alien & sedition.
Friday, July 06, 2007
  Is It All About the Lindens?

Every so often in the modern era somebody crops up with a loopy, poorly-considered manifesto about how this technological development or that cyber-whatsit proves the case for libertarianism. Twelve years ago it was the "Californian ideology" of Wired and Mondo 2000 and other bright and ignorant young tech geeks; lately Newt Gingrich has been carrying the standard for those unable to grasp the relationship between technology, public investment, and the real world.

Now comes Michael Gerson, who writes that Second Life is "a large-scale experiment in libertarianism." Gerson, a social conservative, is not out to argue that the experiment is a success, but it got me thinking.

You may or may not be into SL. I had fun, for about a week, running around with my avatar ("Cosmo Mills," which I thought was a decent name for a character in a manufactured universe) looking at all the neat stuff and pretending to have a soul patch and a jacket made of shag carpeting. That was about as far as it went for me, but I can understand why people like it, especially when they get involved in what is, undeniably, a working economy of the game. But Gerson seems to buy the claims that it's somehow relevant to actual political economy:
Instead of showing the guiding hand of an author, this universe is created by the choices of its participants, or "residents." They can build, buy, trade and talk in a world entirely without rules or laws; a pure market where choice and consumption are the highest values.
Now, Gerson is actually using SL to criticize libertarianism, arguing that the game reveals the bankruptcy of a world without "moral rules" or "social obligations" or negative consequences to bad choices (thus resulting in too much random sex and consumerism). (Ramesh Ponnuru points out a flaw in Gerson's logic.)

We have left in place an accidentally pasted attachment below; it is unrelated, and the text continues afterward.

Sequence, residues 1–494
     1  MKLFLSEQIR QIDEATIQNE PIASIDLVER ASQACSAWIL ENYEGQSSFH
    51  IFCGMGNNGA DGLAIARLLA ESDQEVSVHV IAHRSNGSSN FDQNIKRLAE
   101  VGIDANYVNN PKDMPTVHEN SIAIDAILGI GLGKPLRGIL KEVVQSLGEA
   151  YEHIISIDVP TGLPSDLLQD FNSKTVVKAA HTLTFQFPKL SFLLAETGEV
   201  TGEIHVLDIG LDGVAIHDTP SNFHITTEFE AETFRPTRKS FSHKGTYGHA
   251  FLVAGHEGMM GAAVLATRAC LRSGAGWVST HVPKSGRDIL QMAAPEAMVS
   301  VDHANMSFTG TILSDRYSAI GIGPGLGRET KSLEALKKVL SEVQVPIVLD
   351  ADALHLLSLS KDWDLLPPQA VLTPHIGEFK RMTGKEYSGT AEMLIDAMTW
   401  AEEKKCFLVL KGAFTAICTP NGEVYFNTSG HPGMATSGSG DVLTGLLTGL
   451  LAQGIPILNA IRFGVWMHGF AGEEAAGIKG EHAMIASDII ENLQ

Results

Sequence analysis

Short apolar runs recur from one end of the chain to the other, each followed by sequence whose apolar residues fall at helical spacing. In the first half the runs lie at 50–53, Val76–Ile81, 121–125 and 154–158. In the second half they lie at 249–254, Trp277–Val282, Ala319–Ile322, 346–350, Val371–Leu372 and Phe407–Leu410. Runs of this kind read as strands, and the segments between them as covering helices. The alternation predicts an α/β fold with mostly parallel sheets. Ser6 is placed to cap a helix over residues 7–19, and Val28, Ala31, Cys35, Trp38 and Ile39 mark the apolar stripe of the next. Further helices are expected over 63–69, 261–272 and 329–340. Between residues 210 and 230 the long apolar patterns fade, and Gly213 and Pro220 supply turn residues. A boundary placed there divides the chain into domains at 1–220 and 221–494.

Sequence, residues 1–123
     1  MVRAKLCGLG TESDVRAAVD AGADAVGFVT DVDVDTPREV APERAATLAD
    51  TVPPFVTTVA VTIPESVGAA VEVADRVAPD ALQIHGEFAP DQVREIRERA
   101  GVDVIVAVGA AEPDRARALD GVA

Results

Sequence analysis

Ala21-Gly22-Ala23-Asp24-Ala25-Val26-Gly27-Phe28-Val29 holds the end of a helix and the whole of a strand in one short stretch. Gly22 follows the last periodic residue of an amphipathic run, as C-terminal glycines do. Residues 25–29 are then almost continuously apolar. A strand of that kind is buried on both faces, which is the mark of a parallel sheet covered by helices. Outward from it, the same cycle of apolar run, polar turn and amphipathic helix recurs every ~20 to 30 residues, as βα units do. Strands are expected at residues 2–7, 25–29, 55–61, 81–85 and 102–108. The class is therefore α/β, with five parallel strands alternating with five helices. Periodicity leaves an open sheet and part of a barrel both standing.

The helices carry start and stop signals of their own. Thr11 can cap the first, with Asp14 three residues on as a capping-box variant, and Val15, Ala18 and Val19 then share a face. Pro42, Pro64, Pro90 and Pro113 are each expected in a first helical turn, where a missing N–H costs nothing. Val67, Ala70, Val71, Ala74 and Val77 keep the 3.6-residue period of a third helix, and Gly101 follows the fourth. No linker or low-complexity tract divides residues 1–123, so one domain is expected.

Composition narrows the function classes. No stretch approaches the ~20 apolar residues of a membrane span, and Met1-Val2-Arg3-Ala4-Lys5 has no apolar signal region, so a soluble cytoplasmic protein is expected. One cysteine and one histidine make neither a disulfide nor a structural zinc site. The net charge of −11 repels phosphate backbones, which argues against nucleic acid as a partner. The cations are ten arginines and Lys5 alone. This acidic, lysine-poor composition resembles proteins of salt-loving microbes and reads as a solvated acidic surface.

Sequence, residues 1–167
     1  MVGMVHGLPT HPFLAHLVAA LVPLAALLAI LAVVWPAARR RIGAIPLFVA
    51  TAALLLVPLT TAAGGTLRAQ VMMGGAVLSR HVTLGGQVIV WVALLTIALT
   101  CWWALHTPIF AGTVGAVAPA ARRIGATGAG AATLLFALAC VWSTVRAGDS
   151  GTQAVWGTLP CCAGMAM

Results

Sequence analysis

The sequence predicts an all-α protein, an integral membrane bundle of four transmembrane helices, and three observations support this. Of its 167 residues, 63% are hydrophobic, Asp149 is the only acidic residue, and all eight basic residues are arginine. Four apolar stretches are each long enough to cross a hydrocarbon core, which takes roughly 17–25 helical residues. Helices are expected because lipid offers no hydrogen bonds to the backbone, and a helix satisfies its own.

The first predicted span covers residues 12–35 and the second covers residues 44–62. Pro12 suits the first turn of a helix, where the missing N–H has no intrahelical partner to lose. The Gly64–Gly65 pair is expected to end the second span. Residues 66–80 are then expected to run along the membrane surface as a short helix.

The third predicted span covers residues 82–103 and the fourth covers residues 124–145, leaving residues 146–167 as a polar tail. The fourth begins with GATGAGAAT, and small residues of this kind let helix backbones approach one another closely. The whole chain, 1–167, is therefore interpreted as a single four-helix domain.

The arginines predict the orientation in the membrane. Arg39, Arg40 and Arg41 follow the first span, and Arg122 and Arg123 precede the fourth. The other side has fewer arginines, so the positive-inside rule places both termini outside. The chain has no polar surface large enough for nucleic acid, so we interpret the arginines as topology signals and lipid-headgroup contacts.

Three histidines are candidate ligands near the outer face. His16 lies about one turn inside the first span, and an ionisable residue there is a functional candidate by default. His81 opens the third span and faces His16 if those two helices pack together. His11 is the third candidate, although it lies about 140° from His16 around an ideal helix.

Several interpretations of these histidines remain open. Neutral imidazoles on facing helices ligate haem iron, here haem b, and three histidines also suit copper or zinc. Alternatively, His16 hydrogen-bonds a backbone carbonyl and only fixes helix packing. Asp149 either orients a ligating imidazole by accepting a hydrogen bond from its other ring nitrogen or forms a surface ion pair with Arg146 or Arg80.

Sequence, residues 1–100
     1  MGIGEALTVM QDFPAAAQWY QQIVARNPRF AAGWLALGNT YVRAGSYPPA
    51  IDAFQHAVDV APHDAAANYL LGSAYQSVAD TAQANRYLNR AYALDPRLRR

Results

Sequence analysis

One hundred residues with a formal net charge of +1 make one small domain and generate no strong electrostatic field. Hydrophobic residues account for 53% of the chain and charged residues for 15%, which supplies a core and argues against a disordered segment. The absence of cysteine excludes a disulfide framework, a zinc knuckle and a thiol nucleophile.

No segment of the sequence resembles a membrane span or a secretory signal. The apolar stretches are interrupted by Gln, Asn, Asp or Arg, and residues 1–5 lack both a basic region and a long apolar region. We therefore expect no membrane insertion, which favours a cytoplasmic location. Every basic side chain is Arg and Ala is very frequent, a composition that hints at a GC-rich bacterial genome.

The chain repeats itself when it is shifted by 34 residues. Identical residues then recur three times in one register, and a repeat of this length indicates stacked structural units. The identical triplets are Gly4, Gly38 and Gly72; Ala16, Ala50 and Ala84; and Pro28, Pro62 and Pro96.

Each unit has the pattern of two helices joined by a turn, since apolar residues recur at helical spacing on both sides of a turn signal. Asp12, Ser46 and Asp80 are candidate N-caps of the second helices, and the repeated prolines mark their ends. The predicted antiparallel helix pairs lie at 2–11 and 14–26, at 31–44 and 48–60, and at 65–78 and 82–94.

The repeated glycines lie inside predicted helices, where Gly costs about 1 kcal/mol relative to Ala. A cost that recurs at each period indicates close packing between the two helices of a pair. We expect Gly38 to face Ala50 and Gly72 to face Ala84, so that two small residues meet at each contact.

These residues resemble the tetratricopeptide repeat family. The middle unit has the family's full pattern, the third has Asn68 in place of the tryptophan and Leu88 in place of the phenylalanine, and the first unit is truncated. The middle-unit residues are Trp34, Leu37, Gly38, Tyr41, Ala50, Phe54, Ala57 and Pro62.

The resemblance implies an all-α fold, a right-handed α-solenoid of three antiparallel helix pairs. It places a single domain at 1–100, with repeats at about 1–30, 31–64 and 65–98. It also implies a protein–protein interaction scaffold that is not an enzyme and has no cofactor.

At any rate, I've seen this claim before, from SL enthusiasts: that the game is somehow one big exercise in libertarianism, a "pure market" as Gerson calls it. Do people really believe that a "pure market" consists of a world in which there is no need for food or shelter or medicine, no scarcity at all beyond an economy of status items?

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This Second Life game: sounds like a DAYDREAM of libertarian minds.

Why do they long to flee society, flee the reality of bonds, of societal obligations and limitations?

Don't they see that in a "pure market" world they would become prey for the SHARKS, too - - - because they daydream instead of being shark themselves?

Sharks do NOT daydream - or play silly games like Second Life.

They swallow the daydreamers and players of entertaining games.
Hi Leo - speaking of your Green socialist point of view, I should add another criticism of SL-as-market: no environmental limitations on growth (though perhaps the creators have set limits of their own - anyone know?)

I don't really think there's anything wrong w/enjoying SL or using it for social networking. I'm just wary of people who try to extrapolate from that to, y'know, the first life.
I fear the games we play for entertainment have their link with the games we try to play with reality ...
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